The choice of the launch vehicle for launching our module depends not only on whether the Angara rocket is ready for launch, but on how we can get to the target orbit  and docking with the station. Besides the rocket, an upper stage and navigation and docking systems are required. We are considering the variant with the Angara launch vehicle, but nevertheless, the SLS-Orion system will be used for launching the Multi-Purpose Module with 99% certainty. The delivery scheme is as follows: our module is placed by the SLS in a parking orbit, then Orion docks with the module and tugs it to the station and docks it.

The Rocket and Space Corporation Energia is developing a new Russian crewed spacecraft called Federatsiya (‘Federation’). Will Federatsiya be capable of delivering international crews to the LOP-G?

It will. Apart from the Multi-Purpose Module Russia will contribute the Federatsiya spacecraft that will serve the second transportation system for the project as it is always wise to have a backup system.

The station is currently planned to operate in an automatic mode most of the time. At the assembly stage, the first crew will spend 14 days on the station, and two more crews will do a  30-day mission each. On average the station will have a crew for about 30 days once a year. We will have to keep it like this due to the high cost of the SLS rocket. But if we use the Federatsiya spacecraft, more frequent crew rotations  might be possible.

Is it possible to consider Russia’s participation in the LOP-G project a breakthrough?

Certainly. This project will allow Russia to remain on the list of space-faring nations that possess advanced technologies. There’s no doubt that being part of this project will benefit our space industry. Unlike the ISS project, which we entered with our unique technologies, the new station will give us an opportunity to adopt the most cutting-edge technologies that our partners have. At the LOP-G, for example, a fundamentally different life support system (LSS) will be tested.

The cislunar station is being developed by an international partnership. What do you think are the similarities and differences between the LOP-G and the ISS projects?

The difference is that the ISS is a station in low earth orbit, whereas the LOP-G will work in the Moon’s vicinity.

In fact, both the ISS and the Moon are just stages of a global road map for deep space exploration. If we going to go to Mars and beyond, do crewed missions to the surface of the Moon, to the near-moon station and to the ISS, and even ground-based simulation experiments, we should regard these outposts as just complex stages of a single long path to getting ready for deep space missions technologically.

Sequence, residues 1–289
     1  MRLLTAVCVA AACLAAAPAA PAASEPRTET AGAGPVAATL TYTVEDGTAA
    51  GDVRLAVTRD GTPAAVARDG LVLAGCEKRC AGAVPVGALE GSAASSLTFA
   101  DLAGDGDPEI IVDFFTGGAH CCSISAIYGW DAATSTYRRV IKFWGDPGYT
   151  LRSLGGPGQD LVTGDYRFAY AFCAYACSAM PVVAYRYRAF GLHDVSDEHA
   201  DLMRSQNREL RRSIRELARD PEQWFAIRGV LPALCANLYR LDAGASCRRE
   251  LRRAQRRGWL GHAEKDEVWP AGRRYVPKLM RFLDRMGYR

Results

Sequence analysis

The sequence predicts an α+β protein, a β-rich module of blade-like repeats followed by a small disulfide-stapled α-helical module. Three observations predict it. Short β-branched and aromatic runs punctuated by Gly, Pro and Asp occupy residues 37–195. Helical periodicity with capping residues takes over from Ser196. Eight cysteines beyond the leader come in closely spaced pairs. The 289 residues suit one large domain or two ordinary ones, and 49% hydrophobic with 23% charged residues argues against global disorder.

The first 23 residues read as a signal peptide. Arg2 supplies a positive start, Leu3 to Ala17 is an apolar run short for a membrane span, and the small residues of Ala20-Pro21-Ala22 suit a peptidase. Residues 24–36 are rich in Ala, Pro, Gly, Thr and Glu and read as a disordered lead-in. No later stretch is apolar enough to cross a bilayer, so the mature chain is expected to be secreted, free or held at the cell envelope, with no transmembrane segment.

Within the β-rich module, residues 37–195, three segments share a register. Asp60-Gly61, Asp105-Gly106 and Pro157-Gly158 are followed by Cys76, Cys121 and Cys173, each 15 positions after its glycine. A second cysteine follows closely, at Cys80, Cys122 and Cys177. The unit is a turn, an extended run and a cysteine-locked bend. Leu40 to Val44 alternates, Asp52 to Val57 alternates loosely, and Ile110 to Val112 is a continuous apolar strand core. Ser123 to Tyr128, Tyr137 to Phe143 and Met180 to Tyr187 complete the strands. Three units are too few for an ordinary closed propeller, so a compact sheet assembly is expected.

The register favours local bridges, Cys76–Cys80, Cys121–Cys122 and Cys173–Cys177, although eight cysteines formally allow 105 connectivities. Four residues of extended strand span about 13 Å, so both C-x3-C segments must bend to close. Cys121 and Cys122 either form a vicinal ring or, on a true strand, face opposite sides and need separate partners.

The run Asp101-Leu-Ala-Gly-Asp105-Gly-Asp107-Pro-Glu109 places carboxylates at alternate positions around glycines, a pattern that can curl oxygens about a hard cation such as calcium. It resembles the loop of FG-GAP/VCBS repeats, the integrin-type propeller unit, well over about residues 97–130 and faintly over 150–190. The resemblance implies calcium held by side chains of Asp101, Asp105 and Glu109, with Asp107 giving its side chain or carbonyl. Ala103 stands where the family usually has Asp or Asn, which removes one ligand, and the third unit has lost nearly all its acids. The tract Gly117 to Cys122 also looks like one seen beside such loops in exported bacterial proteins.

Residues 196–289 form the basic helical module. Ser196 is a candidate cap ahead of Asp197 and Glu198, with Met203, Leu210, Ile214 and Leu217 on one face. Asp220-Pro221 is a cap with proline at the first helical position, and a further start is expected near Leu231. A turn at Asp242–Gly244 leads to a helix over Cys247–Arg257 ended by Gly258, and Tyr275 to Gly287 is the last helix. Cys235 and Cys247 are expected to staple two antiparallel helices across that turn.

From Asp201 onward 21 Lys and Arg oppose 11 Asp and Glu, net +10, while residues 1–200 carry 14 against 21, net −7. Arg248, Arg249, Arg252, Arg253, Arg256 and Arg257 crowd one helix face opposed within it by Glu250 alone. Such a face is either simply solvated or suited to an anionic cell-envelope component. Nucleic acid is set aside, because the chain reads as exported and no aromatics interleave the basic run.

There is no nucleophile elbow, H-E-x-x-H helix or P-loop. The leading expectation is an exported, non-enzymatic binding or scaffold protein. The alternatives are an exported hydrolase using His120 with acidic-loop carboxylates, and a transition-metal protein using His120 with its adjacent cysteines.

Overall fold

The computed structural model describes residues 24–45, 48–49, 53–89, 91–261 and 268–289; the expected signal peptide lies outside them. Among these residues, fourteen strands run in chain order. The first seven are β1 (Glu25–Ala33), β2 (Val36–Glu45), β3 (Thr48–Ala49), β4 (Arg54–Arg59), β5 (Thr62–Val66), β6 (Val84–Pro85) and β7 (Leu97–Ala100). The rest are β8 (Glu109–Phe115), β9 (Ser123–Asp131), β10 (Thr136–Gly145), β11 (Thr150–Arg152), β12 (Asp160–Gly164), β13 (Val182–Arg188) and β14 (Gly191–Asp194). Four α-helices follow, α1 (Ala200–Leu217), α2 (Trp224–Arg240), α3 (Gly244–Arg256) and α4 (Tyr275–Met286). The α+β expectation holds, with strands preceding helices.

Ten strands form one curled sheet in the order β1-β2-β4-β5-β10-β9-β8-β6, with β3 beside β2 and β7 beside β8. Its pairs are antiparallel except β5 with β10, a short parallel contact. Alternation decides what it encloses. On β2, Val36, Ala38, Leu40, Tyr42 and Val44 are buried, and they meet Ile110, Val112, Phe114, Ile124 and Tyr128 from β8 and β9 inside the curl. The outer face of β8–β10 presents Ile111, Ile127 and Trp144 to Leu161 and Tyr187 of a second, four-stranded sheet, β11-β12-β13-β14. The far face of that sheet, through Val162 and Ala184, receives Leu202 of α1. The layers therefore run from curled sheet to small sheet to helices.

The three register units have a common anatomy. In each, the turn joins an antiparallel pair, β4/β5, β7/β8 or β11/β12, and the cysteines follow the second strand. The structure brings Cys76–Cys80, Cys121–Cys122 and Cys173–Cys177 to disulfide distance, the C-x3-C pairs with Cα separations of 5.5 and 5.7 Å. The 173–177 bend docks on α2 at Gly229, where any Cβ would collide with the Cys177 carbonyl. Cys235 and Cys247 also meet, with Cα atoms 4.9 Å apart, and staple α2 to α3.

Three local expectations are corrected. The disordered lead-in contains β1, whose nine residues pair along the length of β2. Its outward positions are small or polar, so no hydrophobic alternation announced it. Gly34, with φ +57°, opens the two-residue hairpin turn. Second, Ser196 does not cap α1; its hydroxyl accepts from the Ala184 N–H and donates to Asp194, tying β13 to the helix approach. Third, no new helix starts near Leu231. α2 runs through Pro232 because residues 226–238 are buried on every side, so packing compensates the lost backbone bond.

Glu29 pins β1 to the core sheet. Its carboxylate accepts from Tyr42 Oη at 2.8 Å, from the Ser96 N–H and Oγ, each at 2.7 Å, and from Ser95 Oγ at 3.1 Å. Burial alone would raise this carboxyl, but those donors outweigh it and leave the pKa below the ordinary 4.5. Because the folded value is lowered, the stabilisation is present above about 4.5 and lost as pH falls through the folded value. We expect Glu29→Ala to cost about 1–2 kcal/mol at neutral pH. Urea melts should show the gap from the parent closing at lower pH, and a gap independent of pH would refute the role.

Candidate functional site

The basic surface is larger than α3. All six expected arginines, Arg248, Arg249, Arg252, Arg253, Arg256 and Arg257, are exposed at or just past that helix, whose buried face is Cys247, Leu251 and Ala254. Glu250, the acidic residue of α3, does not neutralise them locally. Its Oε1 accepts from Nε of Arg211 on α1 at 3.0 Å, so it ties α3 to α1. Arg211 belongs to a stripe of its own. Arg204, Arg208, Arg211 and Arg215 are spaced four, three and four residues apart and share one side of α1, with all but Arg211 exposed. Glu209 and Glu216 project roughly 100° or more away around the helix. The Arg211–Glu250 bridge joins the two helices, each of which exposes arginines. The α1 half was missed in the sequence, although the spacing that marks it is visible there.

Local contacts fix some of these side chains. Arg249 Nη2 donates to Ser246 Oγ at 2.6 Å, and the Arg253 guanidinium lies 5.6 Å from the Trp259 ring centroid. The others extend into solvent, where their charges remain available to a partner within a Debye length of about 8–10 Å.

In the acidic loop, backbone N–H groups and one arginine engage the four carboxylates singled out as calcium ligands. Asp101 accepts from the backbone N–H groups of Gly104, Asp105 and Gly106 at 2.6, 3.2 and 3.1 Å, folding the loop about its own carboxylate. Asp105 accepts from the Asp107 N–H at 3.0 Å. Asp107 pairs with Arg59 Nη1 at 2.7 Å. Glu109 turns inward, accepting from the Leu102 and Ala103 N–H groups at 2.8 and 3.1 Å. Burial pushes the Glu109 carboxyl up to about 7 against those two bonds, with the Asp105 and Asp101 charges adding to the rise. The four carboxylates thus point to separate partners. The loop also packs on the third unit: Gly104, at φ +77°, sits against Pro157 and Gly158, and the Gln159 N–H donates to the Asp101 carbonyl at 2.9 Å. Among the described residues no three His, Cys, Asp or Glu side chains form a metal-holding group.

If you don’t want to go to Mars just to plant a flag there, but to come and stay there, to study it, survive the harsh Martian conditions and come back to the Earth, you first need to come up with a list of technologies that you need to create and test. There is a certain type of technologies that can be tested only on the Moon, the other type only on the ISS, and the other type only on Earth (in Earth’s gravity). So, all flight scenarios are considered from this point of view, and the difference between the projects is they use different orbits.

The lunar orbiting outpost will allow humans to return to deep space for the first time since 1972. Will this project help prepare us for a crewed mission to Mars or will only be just a waste of resources?

It’s impossible to fly to Mars if you are not ready for that. To get to the Red Planet, you need to learn how to work in deep space. Humans have got a great proving ground just around the corner, the Moon. Why did we choose this ‘tricky’ orbit for the new station? One of the reasons is the study of the inhomogeneous gravitational fields properties in a system of three large mass-bodies (centers of mass) – the Sun, the Earth and the Moon. The ability to navigate in this kind of gravitational fields will be come in handy for the Mars mission, which will be based on the gravity maneuvering principles.

This explains why the LOP-G station will not operate at an altitude between 150 and 200 km. A low orbit might seem like a very good idea logistically as it is close to the lunar surface. But we have to think with future missions in mind. We want to get to Mars. Why is the station called Gateway? Simply because it’s a ‘gate’, a ‘portal’ into deep space.

The LOP-G configuration and its modules are similar to an interplanetary spacecraft. The components of the near-moon station will be more functional, but less scientific. The ISS was built as a near-Earth scientific laboratory, and LOP-G will rather become a technological laboratory as it will carry out more tests than research. For example, LOP-G will test life support systems, long-range navigation, communication, radiation protection, etc.

The radiation background in the LOP-G orbit will be different from that in the ISS orbit, which is just 400 km above the Earth. The lunar radiation background has a different spectrum and has a different biological effect on the human body. To study this type of radiation, some tests on animals are currently carried out, and approximately in 2021 or 2022, the Bion-M2 satellite with biological objects will be launched with the participation of the Institute of Biomedical Problems (Russian Academy of Sciences). The satellite will fly above the magnetic belts of the Earth and it will enable scientists to study radiation on living organisms in a higher orbit (more than 1000 km). Later, new radiation protection methods will be tested at the LOP-G.

About the interviewer:

Evgeniy Ryzhkov studied space programs for two years in Japan and worked as a technical translator from Japanese at various factories. He is currently an editor and reporter with the ‘Novosti Kosmonavtiki’ magazine.